Mild Rover: Go your own way

Curated tours, cruises, resorts and reviews

15 things you MUST do in Ho Chi Minh City

Author and travel writer Jimmy Thomson  has been to Vietnam more times than he can recall without checking his passports. Here is his guide to the best experiences in Saigon (Ho Chi Minh City) – many of which your regular tour guides won’t even know about.


Take a city tour in an open-topped 2CV or Dalat jeep:


Take a food tour with the same people. Or, if you’re more adventurous, go with the “back of the bike” tours and see the city the way locals see it.


Go to the former Presidential Palace and make sure you go down into the underground war room bunkers. Look at all the telex machines and giant radios and take a moment to consider that you have more communications power in your smartphone than all this equipment put together. And see if you can spot the entrance to the tunnel that ran between here and the old palace … and an escape route to the river.


Eat chilli snapper with morning glory and drink 333 beer at Ben Thanh Night Market. The market gets going after 6.30pm and goods are often the same but cheaper than in the day-time market.


Shop for genuine discounted “end run” gym and hiking gear around (and inside) the Benh Thanh market. Look for the Made In Vietnam or brand name stores in nearby streets. The market also has homewares, bales of cloth, watches of dodgy provenance, fresh food and souvenirs. Bargain hard – you’ll only hate yourself if you don’t and your tour guide laughs when you tell him or her how much you paid.

If the market is too hectic, cross from the Eastern entrance of the market to Luu Van Lang which is a street selling end-run genuine articles of anything made in Vietnam. Shoes, jackets, shorts and bags, including Nike, Adidas, UnderArmor and North Face. Get your winter gear here. We like Shop 24 where not bargaining is rewarded with an automatic discount. $55 North Face hiking shorts for $10 – can’t be bad.


Have lunch at a noodle stall inside the market. About $5 will get you a bowl of pho and a soft drink. Pointing at pictures on the menu will do the trick when your Vietnamese is limited to Kam-un (thanks). Check out other examples of Vietiquette here.


Take a Saigon River tour (river is way best) to the Cu Chi tunnels and fire an AK47 (or an M16, as in the picture).


Have lunch or dinner at the Old Compass Café. This a favourite with expat business types and locals alike so it is a lot less touristy. Check out their website for details of walking tours of Saigon and an outing to the Cu Chi Tunnels that definitely doesn’t have playing with guns on the menu.


Drink coconut iced coffee at Cong Caphe, where the wait staff dress in military style jackets, only with their caps on backwards. Eat baguette dipped in condensed milk – a guilty pleasure that probably doesn’t do you as much harm as it sounds.


See the AO show at the Opera House. It was devised by a former member of Cirque De Soleil so it is the musical and visual feast you’d expect from the above trailer:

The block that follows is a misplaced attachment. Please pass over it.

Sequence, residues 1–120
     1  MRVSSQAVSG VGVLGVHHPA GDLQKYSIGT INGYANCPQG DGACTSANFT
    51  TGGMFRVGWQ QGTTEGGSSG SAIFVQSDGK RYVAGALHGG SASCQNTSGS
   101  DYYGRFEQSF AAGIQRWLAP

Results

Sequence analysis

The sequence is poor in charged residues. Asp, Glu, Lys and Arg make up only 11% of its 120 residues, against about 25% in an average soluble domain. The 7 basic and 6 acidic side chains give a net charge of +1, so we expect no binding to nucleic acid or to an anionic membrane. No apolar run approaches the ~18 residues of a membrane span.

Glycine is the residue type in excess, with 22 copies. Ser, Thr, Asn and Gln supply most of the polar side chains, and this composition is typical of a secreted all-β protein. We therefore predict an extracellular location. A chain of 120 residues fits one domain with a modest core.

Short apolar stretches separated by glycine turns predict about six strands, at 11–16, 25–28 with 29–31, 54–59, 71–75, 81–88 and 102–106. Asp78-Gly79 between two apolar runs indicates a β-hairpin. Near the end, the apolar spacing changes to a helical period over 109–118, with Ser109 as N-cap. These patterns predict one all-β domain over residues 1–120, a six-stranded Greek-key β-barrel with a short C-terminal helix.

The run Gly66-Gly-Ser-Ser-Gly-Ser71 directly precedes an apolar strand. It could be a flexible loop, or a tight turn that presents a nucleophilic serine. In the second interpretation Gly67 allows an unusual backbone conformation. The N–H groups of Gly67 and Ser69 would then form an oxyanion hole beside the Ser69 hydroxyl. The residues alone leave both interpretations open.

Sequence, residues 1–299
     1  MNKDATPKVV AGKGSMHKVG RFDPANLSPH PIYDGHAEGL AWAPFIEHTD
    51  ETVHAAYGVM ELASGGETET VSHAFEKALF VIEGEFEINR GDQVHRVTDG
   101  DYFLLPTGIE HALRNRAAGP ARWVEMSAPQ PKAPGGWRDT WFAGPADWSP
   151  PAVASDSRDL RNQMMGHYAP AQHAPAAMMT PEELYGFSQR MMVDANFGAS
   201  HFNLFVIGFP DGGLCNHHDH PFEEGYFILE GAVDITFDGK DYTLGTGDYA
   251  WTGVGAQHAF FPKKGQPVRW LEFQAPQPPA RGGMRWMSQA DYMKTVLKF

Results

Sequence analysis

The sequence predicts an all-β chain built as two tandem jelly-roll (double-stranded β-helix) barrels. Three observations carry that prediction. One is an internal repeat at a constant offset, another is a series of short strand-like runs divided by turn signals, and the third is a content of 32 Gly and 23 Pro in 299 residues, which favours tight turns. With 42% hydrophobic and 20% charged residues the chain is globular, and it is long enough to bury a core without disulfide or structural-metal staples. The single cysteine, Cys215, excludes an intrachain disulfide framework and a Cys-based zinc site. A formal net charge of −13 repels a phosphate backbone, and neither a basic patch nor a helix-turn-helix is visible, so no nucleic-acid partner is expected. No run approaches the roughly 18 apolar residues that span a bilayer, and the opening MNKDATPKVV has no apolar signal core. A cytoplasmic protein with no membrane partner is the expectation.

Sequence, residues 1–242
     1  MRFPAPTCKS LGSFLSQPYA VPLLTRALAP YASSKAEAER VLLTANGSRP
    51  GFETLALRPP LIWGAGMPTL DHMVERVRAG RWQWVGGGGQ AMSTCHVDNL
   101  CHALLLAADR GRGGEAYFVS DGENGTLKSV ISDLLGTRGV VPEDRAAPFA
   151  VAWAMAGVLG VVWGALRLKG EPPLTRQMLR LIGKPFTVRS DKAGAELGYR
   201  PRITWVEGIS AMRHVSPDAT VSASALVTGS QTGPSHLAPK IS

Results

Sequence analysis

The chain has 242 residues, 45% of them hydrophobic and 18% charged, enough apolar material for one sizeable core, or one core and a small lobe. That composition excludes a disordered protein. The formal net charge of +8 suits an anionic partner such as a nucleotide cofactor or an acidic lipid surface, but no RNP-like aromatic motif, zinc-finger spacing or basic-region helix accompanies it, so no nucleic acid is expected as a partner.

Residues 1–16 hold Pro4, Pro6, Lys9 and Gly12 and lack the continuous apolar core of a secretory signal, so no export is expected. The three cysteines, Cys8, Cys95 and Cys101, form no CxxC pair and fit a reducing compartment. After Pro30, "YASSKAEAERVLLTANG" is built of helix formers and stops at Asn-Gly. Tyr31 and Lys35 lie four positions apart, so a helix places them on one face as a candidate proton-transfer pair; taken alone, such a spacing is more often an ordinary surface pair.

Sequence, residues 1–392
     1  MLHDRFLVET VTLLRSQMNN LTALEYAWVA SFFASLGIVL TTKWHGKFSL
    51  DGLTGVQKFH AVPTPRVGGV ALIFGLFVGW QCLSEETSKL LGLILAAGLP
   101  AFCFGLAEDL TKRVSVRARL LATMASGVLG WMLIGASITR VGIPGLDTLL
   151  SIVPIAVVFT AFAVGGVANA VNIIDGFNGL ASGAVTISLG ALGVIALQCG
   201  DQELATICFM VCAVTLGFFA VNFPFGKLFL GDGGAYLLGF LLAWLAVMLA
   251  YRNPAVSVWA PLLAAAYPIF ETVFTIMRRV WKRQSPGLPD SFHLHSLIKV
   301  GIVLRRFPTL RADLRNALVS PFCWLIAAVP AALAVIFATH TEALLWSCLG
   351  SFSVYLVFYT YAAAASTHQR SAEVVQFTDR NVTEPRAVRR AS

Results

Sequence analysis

Go inside the amazing Central Post Office (NOT designed by Gustav Eiffel) and look for the old man who used to write letters for locals.

The main trade in there has been mostly replaced by sales of collectable stamps and souvenirs and many of the old phone booths have been converted into ATM booths.

The old maps high on the entrance walls blur the boundaries between Vietnam, Cambodia and Laos, giving a viviid insight into France’s colonial ambitions for Indochine.

Buy stack of old postcards from one of the vendors outside and look to your left as you exit and you’ll see the rooftop of the old CIA building (not the US Embassy as is often misreported) where that famous picture of the last chopper out of Saigon was taken.


Take an all-day trip to Mekong Delta by boat.


Visit the War Remnants Museum and see the amazing photographic exhibition on the second floor and the array of captured planes and tanks outside:


Treat yourself to a luxurious Spa and massage, or Korean bathhouse treatment, or just get a hair and face wash (bliss!). Some massage places are cheap and cheerful, many are neither, but for an inexpensive VIP treatment try the Sol spa on the top floor of the Liberty Central Hotel in Le Than Ton st. Private rooms, sauna and steam rooms, beauty treatments and male and female therapists. With discounts you could have a 90-minute massage with hot stones for around AU$30. Or try the Golden Lotus Massage Club which is also highly regarded.


Visit Japan Town. Now, this is not to everyone’s taste as it is a bit full-on. Think of Sydney’s Kings Cross or London’s Soho 20 years ago and you get the idea.

Japan Town, or Little Tokyo, is a maze of lanes in a two-block quarter that used to be frequented almost exclusively by Japanese sailors and even had its own police force. Now the sailors have been replaced by salarymen and tourists and in between all the “hostess” bars – which are mosltly quite innocent – and the massage parlours (which definitely aren’t) there are several top class Japanese, Korean and Vietnamese restaurants.

A new favourite of ours is Rosie Garden which offers tasty fresh Vietnamese food, as well as supplying meals to staff and customers in the hostess bar across the lane. Don’t be shocked to have the freshest Banh Xeo (savoury pancake) you ever tasted interrupted by collective squeals of “Konichiwa!” as a new customer enters the Japan-styled bar opposite.  FYI, the  hostesses are more likely to be from the Mekong Delta than Japan, even if the customers aren’t.

Banh Xeo at Rosie’s Garden in Japan Town.

Related Articles

Latest Articles